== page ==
New York Times reporter Jeremy Peters struck a nerve over the weekend when he published a report critical of new ads from pro-Republican Super PACs that feature babies. “Attack ads have come to this: President [Barack] Obama makes babies cry,” wrote Peters. The meme that Republican PACs have crossed some imagined boundaries by utilizing images of infants in their campaign ads proved too provocative for the left-leaning cable news network, MSNBC, to ignore. On Monday morning, they featured two segments slamming the PACs for using babies.
Babies are one of the oldest props in politics and advertising, whether they are being kissed at campaign rallies or swaddled in fresh linens in a commercial for laundry detergent. And, of course, a little girl starred in the grandfather of all attack ads, President Lyndon B. Johnson’s 1964 “Daisy” commercial.
But this year babies have surfaced in ads designed to help Republicans chip away at the overwhelming support the president enjoys among women.
Peters noted that these ads are “almost always produced by teams of ad men, not ad women.” He quotes Linda Kaplan Thaler, a veteran of the Al Gore, Bill Bradley and Hillary Clinton campaigns, who said she found the ads to be beyond the pale.
“Scare tactics are nothing new, but with babies? This goes to new extremes,” Kaplan Thaler told Peters. “And when you are in a situation where you are telling voters something and not inviting a real conversation, you run the risk of voters having their own conversation.”
Peters quotes CNN contributor and GOP consultant Alex Castellanos as the opposing voice speaking from a Republican perspective. Of course, the Republican perspective in this case agrees with the Democratic perspective.
“People know they’re in a hole,” said Mr. Castellanos, the Republican advertising consultant. “What they want is to know that there is light at the end of the tunnel. They don’t want you to throw the baby in the tunnel.”
Unsurprisingly, MSNBC jumped on the opportunity to criticize Republicans for doing what politicians have done since Demosthenes. MSNBC anchor Thomas Roberts invited Kaplan Thaler on his program to talk about how off-base and atonal the messaging was behind the baby ads.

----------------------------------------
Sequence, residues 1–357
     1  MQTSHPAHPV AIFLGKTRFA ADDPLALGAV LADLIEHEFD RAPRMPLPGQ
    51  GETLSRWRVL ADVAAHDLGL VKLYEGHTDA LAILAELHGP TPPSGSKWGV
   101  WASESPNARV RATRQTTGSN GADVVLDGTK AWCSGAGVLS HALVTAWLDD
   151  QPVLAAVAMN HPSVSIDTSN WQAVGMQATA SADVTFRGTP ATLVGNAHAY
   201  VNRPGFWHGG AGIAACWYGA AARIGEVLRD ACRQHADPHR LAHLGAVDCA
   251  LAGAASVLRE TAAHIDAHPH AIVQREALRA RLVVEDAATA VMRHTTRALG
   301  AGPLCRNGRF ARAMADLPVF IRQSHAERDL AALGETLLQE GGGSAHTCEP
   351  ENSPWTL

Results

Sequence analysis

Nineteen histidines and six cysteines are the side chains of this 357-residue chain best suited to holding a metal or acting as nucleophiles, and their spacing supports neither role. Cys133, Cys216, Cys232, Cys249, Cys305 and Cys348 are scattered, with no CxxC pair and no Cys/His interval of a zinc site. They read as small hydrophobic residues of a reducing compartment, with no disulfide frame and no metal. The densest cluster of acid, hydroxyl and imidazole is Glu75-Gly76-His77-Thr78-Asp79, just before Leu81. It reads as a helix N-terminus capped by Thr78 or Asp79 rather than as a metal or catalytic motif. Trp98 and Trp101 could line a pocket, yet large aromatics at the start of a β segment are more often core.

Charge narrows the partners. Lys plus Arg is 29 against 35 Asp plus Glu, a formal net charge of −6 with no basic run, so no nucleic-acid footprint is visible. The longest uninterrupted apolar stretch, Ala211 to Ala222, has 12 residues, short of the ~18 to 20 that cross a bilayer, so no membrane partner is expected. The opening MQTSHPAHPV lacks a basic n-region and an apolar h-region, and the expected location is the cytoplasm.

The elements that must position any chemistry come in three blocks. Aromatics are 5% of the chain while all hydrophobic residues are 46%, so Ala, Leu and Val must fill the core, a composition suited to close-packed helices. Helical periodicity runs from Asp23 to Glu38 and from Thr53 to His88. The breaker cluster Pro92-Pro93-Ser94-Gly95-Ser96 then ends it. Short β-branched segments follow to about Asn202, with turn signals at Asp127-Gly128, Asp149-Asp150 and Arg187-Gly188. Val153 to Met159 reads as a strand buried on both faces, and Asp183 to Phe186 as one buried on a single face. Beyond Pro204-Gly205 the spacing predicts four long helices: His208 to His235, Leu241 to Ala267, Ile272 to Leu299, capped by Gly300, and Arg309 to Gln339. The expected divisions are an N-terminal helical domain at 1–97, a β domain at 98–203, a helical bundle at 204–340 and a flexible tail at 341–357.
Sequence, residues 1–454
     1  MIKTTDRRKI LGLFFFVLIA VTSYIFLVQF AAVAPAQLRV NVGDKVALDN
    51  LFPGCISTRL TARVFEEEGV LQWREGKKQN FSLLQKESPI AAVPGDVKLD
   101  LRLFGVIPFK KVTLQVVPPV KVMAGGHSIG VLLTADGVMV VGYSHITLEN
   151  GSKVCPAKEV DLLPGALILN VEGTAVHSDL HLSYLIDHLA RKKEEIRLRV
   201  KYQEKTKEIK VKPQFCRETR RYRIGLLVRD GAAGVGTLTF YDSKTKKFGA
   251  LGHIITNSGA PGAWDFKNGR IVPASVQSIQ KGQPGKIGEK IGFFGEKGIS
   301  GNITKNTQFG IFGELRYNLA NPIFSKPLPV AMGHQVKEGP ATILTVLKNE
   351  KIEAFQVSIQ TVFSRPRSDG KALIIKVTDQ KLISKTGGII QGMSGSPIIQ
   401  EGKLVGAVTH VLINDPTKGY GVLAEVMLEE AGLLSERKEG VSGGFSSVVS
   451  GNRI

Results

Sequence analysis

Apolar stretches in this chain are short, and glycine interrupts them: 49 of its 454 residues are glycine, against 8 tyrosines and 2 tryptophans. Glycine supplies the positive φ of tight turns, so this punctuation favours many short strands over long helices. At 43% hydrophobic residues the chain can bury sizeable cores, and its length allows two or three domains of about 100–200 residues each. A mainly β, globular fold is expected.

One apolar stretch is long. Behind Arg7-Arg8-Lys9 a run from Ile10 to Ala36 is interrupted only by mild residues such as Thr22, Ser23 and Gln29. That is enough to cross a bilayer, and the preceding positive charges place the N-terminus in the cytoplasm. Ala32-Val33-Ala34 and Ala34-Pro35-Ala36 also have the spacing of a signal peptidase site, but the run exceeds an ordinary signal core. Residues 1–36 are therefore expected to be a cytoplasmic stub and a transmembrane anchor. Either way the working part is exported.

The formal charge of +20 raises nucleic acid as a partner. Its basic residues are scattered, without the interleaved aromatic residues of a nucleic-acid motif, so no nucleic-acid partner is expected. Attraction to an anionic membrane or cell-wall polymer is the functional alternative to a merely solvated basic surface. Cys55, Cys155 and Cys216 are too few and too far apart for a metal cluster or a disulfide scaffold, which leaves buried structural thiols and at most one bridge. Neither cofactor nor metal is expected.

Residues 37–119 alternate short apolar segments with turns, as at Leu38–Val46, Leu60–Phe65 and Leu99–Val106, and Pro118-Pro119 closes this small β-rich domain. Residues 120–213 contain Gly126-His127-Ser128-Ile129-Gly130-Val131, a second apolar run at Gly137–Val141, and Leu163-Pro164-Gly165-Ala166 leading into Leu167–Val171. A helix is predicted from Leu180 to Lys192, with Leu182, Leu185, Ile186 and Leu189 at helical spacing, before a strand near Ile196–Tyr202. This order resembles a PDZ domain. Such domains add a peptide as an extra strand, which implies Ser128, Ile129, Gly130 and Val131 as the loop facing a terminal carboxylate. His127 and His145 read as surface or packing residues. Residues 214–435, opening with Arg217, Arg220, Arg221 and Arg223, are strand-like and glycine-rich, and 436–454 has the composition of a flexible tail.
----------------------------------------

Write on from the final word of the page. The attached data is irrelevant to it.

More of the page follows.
“It’s such an obvious ploy,” said Kaplan Thaler. “Women see thorough it.”
Roberts noted in passing that the Obama campaign is also running ads featuring babies. That did not inspire the kind of unequivocal condemnation that the pro-Republican ads engendered in the Democratic consultant Kaplan Thaler… In fact, her employment history could, at least partially, explain her muted reaction? … Nah.
About 30 minutes later, Alex Wagner’s panel on the MSNBC program NOW featured a segment similarly critical of the baby ads.
“Do you think this works with mothers,” Wagner asked Daily Show co-creator Lizz Winstead.
“It really works with babies,” Winstead replied to uproarious guffaws from her fellow panelists. She went on to say that women would not be receptive to ads featuring babies because they believe that women should have access to birth control and somehow Mitt Romney aims to curtail that access.
Never mind that the women Winstead does not believe will be receptive to this ad have already forgone their access to birth control at least once – perhaps she thinks that he ordeal of caring for an infant is enough to refocus the mind of a young mother on the importance of access to contraception.
“This is counterintuitive for getting women, I think,” Winstead concluded, because why would a young mother care about her child’s financial future tomorrow when there are abortion rights issues on the table today?
The MSNBC panel agreed that these ads were intended to target women voters, a segment of the electorate that Romney has “forfeited” in their estimation over the course of the last four weeks. “Welcome to America, baby,” Wagner said mockingly. “You’re teething and have $50,000 in debt.”
Like most misapprehensions and appeals to conventional wisdom, the simplistic belief that women care for nothing beyond their access to contraception results from having failed to do the requisite homework. When women are asked to rate candidates on things other than what are traditionally considered “women’s issues,” women are often more concerned with the state of the economy and debt than their Republican-leaning male counterparts.
In the latest bipartisan Fox News poll, 33 percent of women said that the government wastes or misspends “more than fifty percent” of revenue compared with 29 percent of men. When asked if a potential terror attack or the growing national debt was a bigger concern to them, 53 to 29 percent of women answered the debt. Women are split, 44 to 44 percent, on whether the president’s stimulus helped the economy by adding jobs or hurt it by increasing the debt.
Finally, by 64 to 27 percent, all voters (including men, women, Republicans and Democrats, across every income bracket and demographic) believe the news media has been more focused on trivialities than on serious policy issues. Given the recent focus of the news media on the increasing frequency of babies appearing in Republican ads, one would have to assume that voters are probably more informed than cable news programs give them credit for.
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